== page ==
Sunday, November 09, 2008

Represent!

The dust has begun to settle on the 2008 Presidential election; so it is a good time to take a step back, check the emotions, and look at some turnout data.

I am a firm believer in the U.S. system of representative democracy. One who votes acts as a citizen, helping to govern his country, even if his candidate is not elected. Those that do not vote make themselves subjects to the governing electorate.

I believe in the U.S. system of elections. This belief runs counter to the many who, oftentimes irresponsibly, point out flaws in the mechanism of voting. Voter suppression and voter fraud are serious issues, but are mostly blown out of proportion in their effect on statewide results, and, by extension the national political scene. Some will point to 1960 or 2000 as exceptions, but the razor thin margins in these contests actually belie effective manipulation. If one looks at questionable elections in other countries, the cheaters win by unambiguous margins. A tyrant cannot chance a close election. Just ask Robert Mugabe.

Which brings us to 2008 in the United States. All the prognostication (to include my own projection which took into account traditional underpolling of conservative/Republican voters) favored Barack Obama. Barack Obama did win, 365 to 173. Popular vote favored Obama by about six percentage points, with a little more than one percent going to third-party candidates. The turnout appears to have fallen well short of a record percentage, despite the "get-out-the-vote" efforts of the winning campaign and the hype of the in-the-tank media.

Between 60.7 percent and 61.7 percent of the 208.3 million eligible voted in the 2008 presidential election, compared with 60.6 percent of those eligible in 2004, according to American University political scientist Curtis Gans, as quoted by Politico's David Paul Kuhn. (h/t MLive.com ) Republican voting appeared to decline 1.3 points, to 28.7 percent, while Democratic turnout rose from 28.7 percent to 31.3 percent. So what happened to elect Barack Obama?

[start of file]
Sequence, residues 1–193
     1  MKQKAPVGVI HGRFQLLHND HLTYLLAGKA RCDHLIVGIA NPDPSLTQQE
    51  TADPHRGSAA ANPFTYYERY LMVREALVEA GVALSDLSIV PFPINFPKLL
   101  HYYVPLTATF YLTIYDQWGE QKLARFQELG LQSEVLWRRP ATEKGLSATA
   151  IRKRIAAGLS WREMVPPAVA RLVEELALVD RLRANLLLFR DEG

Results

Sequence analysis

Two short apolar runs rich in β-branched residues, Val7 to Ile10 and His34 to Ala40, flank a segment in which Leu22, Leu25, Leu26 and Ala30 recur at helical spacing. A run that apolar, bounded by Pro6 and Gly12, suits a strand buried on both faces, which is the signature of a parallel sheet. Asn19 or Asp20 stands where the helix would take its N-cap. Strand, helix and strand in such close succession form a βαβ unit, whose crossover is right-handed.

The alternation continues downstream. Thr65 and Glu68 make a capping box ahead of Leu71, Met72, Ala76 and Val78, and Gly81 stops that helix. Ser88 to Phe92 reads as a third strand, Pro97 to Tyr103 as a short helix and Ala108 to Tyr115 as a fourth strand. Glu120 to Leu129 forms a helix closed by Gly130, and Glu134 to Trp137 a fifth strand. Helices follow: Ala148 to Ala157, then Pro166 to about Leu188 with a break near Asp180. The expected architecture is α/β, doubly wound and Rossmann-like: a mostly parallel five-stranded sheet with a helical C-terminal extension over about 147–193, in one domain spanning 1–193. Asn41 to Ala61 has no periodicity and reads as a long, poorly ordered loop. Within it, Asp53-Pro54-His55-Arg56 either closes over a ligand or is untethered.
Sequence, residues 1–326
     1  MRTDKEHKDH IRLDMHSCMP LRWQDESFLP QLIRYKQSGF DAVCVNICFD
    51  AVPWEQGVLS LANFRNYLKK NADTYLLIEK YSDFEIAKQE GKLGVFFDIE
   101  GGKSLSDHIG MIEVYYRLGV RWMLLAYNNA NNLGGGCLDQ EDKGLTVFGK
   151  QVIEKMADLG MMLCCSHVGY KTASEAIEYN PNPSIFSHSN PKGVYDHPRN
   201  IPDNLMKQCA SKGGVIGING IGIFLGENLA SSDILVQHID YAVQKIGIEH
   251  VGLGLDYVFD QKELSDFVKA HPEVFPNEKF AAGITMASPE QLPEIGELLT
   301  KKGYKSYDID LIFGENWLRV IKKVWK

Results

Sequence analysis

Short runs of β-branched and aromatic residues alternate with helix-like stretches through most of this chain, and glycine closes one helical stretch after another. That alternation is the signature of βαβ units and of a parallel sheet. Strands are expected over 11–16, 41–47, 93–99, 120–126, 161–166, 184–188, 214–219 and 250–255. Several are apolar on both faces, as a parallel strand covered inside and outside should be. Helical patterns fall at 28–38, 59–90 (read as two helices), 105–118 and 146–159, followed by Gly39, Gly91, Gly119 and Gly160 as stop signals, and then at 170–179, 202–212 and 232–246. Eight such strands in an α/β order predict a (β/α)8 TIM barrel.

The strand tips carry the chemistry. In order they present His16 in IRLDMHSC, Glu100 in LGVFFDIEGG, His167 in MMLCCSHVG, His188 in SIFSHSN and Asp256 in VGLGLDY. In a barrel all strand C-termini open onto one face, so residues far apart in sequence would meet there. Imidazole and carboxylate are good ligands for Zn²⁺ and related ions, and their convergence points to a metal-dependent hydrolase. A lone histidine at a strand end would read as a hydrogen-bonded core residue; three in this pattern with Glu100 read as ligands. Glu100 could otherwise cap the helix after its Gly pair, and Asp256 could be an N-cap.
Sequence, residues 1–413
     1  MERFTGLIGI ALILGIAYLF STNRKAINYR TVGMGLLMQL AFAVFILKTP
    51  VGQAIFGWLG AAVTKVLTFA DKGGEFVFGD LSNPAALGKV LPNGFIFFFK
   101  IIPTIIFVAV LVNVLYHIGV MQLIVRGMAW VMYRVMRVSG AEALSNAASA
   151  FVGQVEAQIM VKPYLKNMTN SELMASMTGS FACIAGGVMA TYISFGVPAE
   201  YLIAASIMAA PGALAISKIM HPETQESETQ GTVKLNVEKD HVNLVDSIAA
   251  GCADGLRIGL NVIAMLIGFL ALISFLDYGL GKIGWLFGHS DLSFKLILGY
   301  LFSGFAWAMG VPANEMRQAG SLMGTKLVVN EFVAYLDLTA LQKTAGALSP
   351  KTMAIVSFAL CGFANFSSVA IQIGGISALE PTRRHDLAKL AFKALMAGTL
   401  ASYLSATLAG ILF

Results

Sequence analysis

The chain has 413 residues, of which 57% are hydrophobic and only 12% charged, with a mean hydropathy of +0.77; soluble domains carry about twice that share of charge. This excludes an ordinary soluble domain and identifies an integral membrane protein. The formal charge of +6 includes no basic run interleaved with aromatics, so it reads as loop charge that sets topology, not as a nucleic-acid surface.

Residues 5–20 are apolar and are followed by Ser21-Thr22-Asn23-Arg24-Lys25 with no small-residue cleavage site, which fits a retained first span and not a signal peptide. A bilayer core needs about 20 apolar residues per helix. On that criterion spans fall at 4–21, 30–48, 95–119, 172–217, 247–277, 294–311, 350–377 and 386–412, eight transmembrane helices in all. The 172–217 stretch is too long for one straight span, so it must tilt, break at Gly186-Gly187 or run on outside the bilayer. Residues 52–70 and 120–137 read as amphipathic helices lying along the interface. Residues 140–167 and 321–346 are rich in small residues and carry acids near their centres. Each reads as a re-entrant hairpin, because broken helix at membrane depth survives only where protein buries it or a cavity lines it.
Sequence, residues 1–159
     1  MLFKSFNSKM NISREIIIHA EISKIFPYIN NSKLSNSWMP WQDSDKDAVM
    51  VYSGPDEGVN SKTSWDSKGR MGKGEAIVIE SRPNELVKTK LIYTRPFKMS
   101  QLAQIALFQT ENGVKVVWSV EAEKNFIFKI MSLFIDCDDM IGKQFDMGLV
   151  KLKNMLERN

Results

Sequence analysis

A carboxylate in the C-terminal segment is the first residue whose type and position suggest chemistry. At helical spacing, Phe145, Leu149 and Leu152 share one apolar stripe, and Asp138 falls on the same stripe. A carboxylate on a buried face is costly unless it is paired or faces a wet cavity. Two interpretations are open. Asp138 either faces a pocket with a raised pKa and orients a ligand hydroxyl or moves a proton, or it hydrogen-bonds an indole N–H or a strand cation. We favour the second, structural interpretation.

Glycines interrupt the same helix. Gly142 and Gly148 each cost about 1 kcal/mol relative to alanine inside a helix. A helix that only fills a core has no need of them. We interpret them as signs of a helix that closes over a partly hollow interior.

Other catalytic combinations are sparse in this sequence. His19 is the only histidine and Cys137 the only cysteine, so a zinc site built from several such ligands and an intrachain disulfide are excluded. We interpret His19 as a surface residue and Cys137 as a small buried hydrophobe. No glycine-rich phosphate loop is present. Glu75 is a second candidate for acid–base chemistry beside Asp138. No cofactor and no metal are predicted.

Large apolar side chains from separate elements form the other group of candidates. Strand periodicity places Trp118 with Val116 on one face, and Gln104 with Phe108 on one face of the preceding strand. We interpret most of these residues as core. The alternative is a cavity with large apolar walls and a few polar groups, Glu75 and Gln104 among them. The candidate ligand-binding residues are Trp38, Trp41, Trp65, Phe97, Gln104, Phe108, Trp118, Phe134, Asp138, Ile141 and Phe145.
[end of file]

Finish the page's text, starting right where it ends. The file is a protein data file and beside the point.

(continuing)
I believe enough of "the conservatives," the right wing of the Republican party, stayed home. The Democratic party, despite its close and sometimes bitter primary fight, managed to get its voters out in sufficient numbers. The Republicans, divided on real ideological grounds, could not make both wings work together. We have our result.

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1 Comments:

Blogger CMinor said...

Yeah, but let's not forget the old guard Republicans who actually went over to the other side, though I suspect they were less in number.

Did you find anything on the Independents or those ubiquitous "undecideds?" How did they effect the results?

11:30 AM  

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